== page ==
Broiler production report for April 2017
Disclaimer: Information in this report reflects assumptions and also actual data. The projections presented in the report are based upon specific production standards and indicate historic and forecasted trends only.
A forecasting model is used to predict industry potential data and actual production, based on either the number of female parent chicks placed, or the number of day-old broiler chicks hatched. The reliability of the model output is dependent on the supply of accurate monthly data from broiler hatcheries and broiler breeder operations.
Thank you to our regular contributors. Please refer to the full report on the SAPA website (www.sapoultry.co.za) for further detail on the methods used by the forecasting model and the broiler production standards used for prediction.
1. Broiler Breeders Day-old parent pullets placed
An average of 175 800 dayold parent pullets was placed per week in April 2017 (Graph 1). This was an increase of 27 500 parent pullets (+18.5%) compared to the previous month and a decrease of 16 900 parent pullets (-8.8%) compared to the same month of the previous year.
In total 703 100 day-old parent pullets were placed in April 2017; this was a monthon-month increase of 35 700 parent pullets (+5.3%) and a year-on-year decrease of 115 600 parent pullets (-14.1%).
Broiler breeder flock
The average number of breeder hens for the month under review was 6.913 million (Graph 2). This was a decrease of 36 700 hens (-0.5%) compared to March 2017, and a decrease of 254 000 hens (-3.5%) compared to April 2016. The average age of the breeder flock was 40.4 weeks.
By July 2017 the breeder flock is expected to comprise 6.610 million hens; a 4.4% decrease on April’s figure. The average number of breeder hens for January to July of 2017 is forecasted to be 6.872 million.
2. Broiler Chick Placements
Broiler hatcheries produced 19.898 million day-old chicks per week in April 2017 (Graph 3, dotted line). Compared to March 2017
this was an increase of 2.001 million chicks (+11.2%). Compared to April 2016 this was an increase of 0.804 million chicks (+4.2%).
In total 79.592 million broiler chicks were hatched during the month under review.
Based on the forecasting model, potential production of 21.259 million broiler chicks per week was projected for April 2017. Actual production was 1.361 million chicks (-6.4%) lower than the potential figure. Of great interest is the increasing gap between potential and actual chick numbers (Graph 3 - Note: Actual placements (the dashed trend line) show to April 2017; potential placements (based on the forecasting model) are given to July 2017). As the industry struggles to survive, cutbacks in production have been achieved by lengthening the rest period between cycles and not setting all of the fertile eggs. Exports for January to April 2017 accounted for an average of only 3.6% of the difference between the actual and potential figure.
3. Broiler Production Actual production
On average, 17.121 million broilers were produced per week in April 2017 (Graph 4). This was 0.879 million birds (-4.9%) less than the previous month and 1.168 million birds (-6.4%) less than the same month of the previous year.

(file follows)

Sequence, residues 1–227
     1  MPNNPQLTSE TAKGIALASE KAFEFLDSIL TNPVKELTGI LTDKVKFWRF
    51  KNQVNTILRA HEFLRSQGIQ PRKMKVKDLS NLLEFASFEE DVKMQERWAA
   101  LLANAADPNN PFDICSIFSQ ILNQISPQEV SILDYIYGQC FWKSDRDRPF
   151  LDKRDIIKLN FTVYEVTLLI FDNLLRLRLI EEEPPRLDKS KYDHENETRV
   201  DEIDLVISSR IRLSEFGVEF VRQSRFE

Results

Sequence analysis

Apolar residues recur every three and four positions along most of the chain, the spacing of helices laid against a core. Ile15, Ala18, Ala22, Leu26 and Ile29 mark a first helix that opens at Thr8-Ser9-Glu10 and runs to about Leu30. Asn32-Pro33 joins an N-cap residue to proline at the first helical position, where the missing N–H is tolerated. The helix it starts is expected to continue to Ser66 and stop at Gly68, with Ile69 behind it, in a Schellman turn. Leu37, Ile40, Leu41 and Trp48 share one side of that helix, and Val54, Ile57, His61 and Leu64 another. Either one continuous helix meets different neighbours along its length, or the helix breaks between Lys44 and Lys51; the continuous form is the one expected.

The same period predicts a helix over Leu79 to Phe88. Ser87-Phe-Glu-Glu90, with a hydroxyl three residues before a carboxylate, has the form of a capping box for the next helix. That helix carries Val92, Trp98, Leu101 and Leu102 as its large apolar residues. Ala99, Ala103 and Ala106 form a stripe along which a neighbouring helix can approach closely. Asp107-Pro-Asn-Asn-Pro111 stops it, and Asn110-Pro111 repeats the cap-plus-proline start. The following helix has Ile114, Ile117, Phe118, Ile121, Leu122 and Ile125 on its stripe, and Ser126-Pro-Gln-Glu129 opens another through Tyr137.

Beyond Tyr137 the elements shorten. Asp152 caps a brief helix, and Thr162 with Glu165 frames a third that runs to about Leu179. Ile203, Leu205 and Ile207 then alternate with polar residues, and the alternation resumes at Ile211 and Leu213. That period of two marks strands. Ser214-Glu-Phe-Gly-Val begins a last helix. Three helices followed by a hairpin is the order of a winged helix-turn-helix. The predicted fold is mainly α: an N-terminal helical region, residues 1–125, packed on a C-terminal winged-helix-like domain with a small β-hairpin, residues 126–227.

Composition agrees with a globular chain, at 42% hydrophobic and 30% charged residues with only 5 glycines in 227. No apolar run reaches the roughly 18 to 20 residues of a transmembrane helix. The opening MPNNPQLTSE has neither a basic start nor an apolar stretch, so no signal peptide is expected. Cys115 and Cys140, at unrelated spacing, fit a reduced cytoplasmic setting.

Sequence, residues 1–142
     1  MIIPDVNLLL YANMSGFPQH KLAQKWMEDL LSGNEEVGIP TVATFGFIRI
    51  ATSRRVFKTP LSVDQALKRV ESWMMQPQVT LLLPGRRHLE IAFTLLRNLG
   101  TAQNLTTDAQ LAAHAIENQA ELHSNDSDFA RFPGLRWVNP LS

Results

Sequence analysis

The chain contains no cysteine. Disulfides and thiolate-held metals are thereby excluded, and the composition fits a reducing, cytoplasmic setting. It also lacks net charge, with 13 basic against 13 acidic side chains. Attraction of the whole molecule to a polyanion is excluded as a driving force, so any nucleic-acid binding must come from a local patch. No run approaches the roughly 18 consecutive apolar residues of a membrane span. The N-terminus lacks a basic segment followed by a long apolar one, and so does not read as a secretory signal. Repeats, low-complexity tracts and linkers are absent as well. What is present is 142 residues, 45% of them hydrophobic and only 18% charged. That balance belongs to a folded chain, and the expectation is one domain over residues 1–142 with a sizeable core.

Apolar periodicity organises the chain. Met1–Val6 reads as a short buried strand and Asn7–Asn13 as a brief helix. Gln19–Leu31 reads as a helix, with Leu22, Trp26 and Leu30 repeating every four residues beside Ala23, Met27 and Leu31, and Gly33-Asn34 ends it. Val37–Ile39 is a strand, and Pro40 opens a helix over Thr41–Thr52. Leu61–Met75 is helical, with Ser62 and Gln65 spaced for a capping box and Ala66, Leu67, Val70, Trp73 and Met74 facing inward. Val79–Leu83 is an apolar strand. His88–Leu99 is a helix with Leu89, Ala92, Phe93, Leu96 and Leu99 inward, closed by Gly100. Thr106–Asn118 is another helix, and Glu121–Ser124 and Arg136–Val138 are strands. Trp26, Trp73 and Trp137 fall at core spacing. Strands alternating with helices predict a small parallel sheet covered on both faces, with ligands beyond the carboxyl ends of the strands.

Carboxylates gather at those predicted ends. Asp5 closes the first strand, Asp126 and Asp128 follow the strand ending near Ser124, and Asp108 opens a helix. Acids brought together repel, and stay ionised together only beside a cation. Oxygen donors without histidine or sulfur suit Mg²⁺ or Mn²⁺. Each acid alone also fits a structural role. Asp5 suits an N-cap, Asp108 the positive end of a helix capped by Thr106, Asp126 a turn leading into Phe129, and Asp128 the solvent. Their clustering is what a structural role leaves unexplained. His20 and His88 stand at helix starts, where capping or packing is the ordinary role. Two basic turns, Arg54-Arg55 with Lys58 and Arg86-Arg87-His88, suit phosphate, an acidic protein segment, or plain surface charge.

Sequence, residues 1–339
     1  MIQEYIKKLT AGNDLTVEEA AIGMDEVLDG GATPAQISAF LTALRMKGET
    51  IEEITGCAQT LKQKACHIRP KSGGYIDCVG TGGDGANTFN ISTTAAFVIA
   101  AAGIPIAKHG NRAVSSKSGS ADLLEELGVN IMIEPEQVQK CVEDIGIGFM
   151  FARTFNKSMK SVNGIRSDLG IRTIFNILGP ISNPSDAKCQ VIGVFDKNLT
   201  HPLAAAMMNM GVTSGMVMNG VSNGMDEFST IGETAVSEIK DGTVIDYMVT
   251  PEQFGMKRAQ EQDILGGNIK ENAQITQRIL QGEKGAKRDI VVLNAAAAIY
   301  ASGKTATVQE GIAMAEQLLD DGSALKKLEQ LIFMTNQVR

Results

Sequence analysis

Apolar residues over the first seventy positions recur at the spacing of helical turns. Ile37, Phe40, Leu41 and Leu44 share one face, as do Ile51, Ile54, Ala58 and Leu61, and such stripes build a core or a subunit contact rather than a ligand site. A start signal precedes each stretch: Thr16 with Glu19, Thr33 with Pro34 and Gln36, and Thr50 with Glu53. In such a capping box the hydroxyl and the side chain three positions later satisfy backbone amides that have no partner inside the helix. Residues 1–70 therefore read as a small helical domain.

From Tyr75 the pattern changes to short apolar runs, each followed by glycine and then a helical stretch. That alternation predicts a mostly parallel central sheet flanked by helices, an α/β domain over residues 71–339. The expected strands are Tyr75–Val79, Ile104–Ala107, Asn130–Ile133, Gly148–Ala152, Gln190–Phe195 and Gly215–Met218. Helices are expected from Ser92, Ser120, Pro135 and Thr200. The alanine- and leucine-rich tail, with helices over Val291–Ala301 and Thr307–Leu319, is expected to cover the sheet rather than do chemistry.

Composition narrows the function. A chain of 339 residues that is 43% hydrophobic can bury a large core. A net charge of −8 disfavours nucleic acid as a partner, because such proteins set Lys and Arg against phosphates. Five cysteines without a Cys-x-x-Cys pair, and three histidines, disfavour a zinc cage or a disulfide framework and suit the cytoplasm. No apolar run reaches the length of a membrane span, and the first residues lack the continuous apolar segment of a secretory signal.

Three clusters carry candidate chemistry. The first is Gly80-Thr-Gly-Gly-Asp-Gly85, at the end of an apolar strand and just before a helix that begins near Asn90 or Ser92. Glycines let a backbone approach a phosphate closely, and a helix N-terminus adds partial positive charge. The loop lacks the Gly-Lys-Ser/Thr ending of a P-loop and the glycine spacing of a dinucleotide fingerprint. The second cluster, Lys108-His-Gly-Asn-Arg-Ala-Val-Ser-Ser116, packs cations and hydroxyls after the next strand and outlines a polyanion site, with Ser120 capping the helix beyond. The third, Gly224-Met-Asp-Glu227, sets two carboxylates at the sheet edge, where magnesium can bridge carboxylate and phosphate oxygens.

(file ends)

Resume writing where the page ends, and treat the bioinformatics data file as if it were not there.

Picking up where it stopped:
In total 73.376 million broilers were produced for slaughter in the month under
Potentially 20.551 million broilers per week were projected for slaughter in April 2017. Actual production per week was 16.7% less.
4. Broiler And Breeder Meat Production
The forecasting model predicted 2 750 tonnes would result from the culling of breeder hens and cocks in April 2017. This was 420 tonnes (-13.2%) less than March 2017, and 30 tonnes (+1.0%) more than April 2016.
Actual tonnes of broiler meat produced in April 2017 was 136 600. This was 11 800 tonnes (-8.0%) less than March 2017, and 18 000 tonnes (-11.6%) less than April 2016. Actual production was 27 400 tonnes (-16.7%) less than that which was predicted by the forecasting model for April 2017.
Broiler and breeder meat combined resulted in 139 400 tonnes in April 2017. Graph 5 illustrates the minor contribution of the parent stock to overall meat production, and compares potential (dotted line) to actual broiler production. All breeder sales are assumed to be live, whilst a broiler slaughter weight of 1.8 kg, revised from 1.85 kg in July 2015, was used. Total broiler production includes all saleable offal.
5. Broiler Volume And Price
Graph 6 shows the relationships between year- on-year changes in volumes, producer price and the PPI deflated price. A % change > 0 indicates growth in the current month compared to the same month of the previous year.
It must be pointed out that the PPI, as published by STATS SA and used to calculate the deflated price, is an indicator of the general change in production costs in South Africa, not specifically poultry costs.
Negative growth in supply is usually followed by positive growth in prices, as seen on the graph at the start and towards the end of 2013. The local industry has grown for much of 2014 and 2015 and this has caused a downward trend in year-on-year producer price increases. These have been positive since February 2013, only dipping into the negative from March 2016 to July 2016, before recovering in August 2016 and continuing to gain strength into April 2017.
The PPI deflated price (the brown dotted line on Graph 6) is a measure of real producer price increases without the effect of inflation. Broiler producers enjoyed positive growth in the producer price from October 2014 to October 2015. This trend began to change in late 2015 and remained negative until November 2016, where it recovered in December 2016 and is seeing a strong positive growth into April 2017.
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